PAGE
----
Search results for 'Coincidence' (try it on Scholar)

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  1. Judith Crane (2012). Biological-Mereological Coincidence. Philosophical Studies 161 (2):309-325.score: 24.0
    This paper presents and defends an account of the coincidence of biological organisms with mereological sums of their material components. That is, an organism and the sum of its material components are distinct material objects existing in the same place at the same time. Instead of relying on historical or modal differences to show how such coincident entities are distinct, this paper argues that there is a class of physiological properties of biological organisms that their coincident mereological sums do (...)
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  2. Mark Steen (2011). More Problems for MaxCon: Contingent Particularity and Stuff-Thing Coincidence. [REVIEW] Acta Analytica 26 (2):135-154.score: 24.0
    Ned Markosian argues (Australasian Journal of Philosophy 76:213-228, 1998a; Australasian Journal of Philosophy 82:332-340, 2004a, The Monist 87:405-428, 2004b) that simples are ‘maximally continuous’ entities. This leads him to conclude that there could be non-particular ‘stuff’ in addition to things. I first show how an ensuing debate on this issue McDaniel (Australasian Journal of Philosophy 81(2):265-275, 2003); Markosian (Australasian Journal of Philosophy 82:332-340, 2004a) ended in deadlock. I attempt to break the deadlock. Markosian’s view entails stuff-thing coincidence, which I (...)
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  3. Pablo Rychter (2011). How Coincidence Bears on Persistence. Philosophia 39 (4):759-770.score: 24.0
    The ‘paradoxes of coincidence’ are generally taken as an important factor for deciding between rival views on persistence through time. In particular, the ability to deal with apparent cases of temporary coincidence is usually regarded as a good reason for favouring perdurantism (or ‘four-dimensionalism’) over endurantism (or ‘three-dimensionalism’). However, the recent work of Gilmore ( 2007 ) and McGrath ( 2007 ) challenges this standard view. For different reasons, both Gilmore and McGrath conclude that perdurantism does not really (...)
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  4. Wayne D. Riggs (2014). Luck, Knowledge, and “Mere” Coincidence. Metaphilosophy 45 (4-5):627-639.score: 24.0
    There are good reasons for pursuing a theory of knowledge by way of understanding the connection between knowledge and luck. Not surprisingly, then, there has been a burgeoning of interest in “luck theories” of knowledge as well as in theories of luck in general. Unfortunately, “luck” proves to be as recalcitrant an analysandum as “knows.” While it is well worth pursuing a general theory of luck despite these difficulties, our theory of knowledge might be made more manageable if we could (...)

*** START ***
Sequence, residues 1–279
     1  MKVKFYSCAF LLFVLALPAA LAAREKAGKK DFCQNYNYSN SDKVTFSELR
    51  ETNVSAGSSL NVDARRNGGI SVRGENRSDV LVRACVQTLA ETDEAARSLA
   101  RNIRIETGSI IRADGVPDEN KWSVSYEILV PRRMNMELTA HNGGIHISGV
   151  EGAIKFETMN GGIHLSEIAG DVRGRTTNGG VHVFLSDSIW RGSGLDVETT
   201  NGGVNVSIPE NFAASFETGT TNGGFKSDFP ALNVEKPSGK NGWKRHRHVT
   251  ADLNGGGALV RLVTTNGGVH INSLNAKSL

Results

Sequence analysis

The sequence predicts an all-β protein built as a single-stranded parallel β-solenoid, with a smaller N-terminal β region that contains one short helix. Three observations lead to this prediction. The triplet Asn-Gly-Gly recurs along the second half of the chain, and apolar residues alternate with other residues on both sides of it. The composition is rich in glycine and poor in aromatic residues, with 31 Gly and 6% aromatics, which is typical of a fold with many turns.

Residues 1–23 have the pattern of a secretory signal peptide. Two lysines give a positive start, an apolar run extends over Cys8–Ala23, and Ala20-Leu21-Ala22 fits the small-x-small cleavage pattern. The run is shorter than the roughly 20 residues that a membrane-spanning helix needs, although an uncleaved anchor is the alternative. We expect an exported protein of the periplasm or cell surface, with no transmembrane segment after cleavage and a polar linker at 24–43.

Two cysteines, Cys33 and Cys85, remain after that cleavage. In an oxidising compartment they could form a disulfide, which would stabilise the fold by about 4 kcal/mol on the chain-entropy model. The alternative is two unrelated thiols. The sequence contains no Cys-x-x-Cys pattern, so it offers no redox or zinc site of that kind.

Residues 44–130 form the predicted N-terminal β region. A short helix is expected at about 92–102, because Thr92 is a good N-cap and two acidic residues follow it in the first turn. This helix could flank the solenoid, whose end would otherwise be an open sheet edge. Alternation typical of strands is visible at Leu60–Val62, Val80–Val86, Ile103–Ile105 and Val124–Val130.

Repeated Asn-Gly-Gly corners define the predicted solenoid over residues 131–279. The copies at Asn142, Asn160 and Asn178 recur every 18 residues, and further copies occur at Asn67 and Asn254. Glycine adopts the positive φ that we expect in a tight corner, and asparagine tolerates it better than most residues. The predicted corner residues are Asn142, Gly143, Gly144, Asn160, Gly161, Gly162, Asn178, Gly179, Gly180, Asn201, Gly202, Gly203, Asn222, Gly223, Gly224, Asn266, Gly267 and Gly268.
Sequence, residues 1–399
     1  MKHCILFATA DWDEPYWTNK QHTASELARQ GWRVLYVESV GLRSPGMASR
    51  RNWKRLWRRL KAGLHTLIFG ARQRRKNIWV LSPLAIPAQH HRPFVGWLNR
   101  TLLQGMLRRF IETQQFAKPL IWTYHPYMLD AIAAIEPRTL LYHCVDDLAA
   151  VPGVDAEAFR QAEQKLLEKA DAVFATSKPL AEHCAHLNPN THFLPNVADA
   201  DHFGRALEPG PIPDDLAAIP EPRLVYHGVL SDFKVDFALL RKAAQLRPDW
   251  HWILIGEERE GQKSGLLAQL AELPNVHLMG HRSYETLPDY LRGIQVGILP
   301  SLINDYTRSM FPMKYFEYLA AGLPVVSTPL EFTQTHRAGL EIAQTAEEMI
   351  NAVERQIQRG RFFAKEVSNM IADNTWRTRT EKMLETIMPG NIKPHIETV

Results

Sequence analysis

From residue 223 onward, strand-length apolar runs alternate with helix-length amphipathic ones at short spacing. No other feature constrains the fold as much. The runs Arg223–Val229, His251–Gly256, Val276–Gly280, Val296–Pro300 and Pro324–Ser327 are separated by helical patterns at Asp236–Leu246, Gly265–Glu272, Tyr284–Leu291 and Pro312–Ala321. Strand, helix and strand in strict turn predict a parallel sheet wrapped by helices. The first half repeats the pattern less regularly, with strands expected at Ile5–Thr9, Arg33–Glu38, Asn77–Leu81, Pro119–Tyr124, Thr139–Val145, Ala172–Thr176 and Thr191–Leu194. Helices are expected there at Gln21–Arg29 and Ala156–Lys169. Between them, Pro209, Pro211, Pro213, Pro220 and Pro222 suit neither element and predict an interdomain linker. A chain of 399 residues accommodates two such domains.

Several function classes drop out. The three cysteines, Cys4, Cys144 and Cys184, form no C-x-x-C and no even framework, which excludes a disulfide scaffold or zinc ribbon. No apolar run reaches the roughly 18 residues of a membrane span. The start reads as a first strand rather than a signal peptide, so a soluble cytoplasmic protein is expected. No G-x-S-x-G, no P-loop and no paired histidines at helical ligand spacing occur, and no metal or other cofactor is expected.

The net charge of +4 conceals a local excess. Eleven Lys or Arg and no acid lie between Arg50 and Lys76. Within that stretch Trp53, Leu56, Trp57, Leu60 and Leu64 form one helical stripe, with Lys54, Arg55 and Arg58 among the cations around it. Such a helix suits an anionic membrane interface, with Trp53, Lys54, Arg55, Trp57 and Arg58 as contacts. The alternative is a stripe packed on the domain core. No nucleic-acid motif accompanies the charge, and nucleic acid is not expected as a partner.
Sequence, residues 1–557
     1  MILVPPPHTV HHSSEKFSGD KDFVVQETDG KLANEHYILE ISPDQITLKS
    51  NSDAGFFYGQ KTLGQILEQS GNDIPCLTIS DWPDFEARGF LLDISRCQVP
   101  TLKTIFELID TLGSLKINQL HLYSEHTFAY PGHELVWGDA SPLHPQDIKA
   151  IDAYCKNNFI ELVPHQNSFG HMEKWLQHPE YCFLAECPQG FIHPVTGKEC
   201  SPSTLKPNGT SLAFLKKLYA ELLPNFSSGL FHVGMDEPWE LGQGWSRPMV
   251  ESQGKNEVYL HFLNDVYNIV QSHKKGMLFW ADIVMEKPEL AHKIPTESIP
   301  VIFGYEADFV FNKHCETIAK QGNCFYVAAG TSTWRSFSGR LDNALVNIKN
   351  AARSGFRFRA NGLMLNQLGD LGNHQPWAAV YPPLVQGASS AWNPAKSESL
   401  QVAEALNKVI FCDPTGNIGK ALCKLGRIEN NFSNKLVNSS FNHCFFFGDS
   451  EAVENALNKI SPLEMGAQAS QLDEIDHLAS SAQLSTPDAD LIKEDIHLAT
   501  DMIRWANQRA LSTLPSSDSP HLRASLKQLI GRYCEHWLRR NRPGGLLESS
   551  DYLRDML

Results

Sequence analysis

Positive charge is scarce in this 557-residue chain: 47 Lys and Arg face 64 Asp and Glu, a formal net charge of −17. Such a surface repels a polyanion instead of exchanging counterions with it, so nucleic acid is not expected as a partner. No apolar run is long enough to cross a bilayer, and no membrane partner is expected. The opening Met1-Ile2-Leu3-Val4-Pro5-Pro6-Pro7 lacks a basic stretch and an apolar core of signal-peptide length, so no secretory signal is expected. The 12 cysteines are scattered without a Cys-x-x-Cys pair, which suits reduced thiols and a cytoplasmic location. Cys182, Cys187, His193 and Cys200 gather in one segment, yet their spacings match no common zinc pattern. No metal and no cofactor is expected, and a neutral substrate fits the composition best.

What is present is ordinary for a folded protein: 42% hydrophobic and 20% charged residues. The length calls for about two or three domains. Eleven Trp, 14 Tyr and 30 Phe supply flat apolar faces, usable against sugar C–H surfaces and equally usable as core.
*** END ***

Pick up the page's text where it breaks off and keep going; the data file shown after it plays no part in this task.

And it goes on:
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  5. John Martineau (1995/2002). A Little Book of Coincidence. Walker & Company.score: 24.0
    A most unusual guide to the solar system, A Little Book of Coincidence suggests that there may be fundamental relationships between space, time, and life that have not yet been fully understood. From the observations of Ptolemy and Kepler to the Harmony of the Spheres and the hidden structure of the solar system, John Martineau reveals the exquisite orbital patterns of the planets and the mathematical relationships that govern them. A table shows the relative measurements of each planet in (...)
     
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  6. E. J. Lowe (2002). Material Coincidence and the Cinematographic Fallacy: A Response to Olson. Philosophical Quarterly 52 (208):369-372.score: 22.0
    Eric T. Olson has argued that those who hold that two material objects can exactly coincide at a moment of time, with one of these objects constituting the other, face an insuperable difficulty in accounting for the alleged differences between the objects, such as their being of different kinds and possessing different persistence-conditions. The differences, he suggests, are inexplicable, given that the objects in question are composed of the same particles related in precisely the same way. In response, I show (...)
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  7. Sydney Shoemaker (2003). Realization, Micro-Realization, and Coincidence. Philosophy and Phenomenological Research 67 (1):1-23.score: 22.0
    Let thin properties be properties shared by coincident entities, e.g., a person and her body, and thick properties ones that are not shared. Thick properties entail sortal properties, e.g., being a person, and the associated persistence conditions. On the first account of realization defined here, the realized property and its realizers will belong to the same individual. This restricts the physical realizers of mental properties, which are thick, to thick physical properties. We also need a sense in which mental properties (...)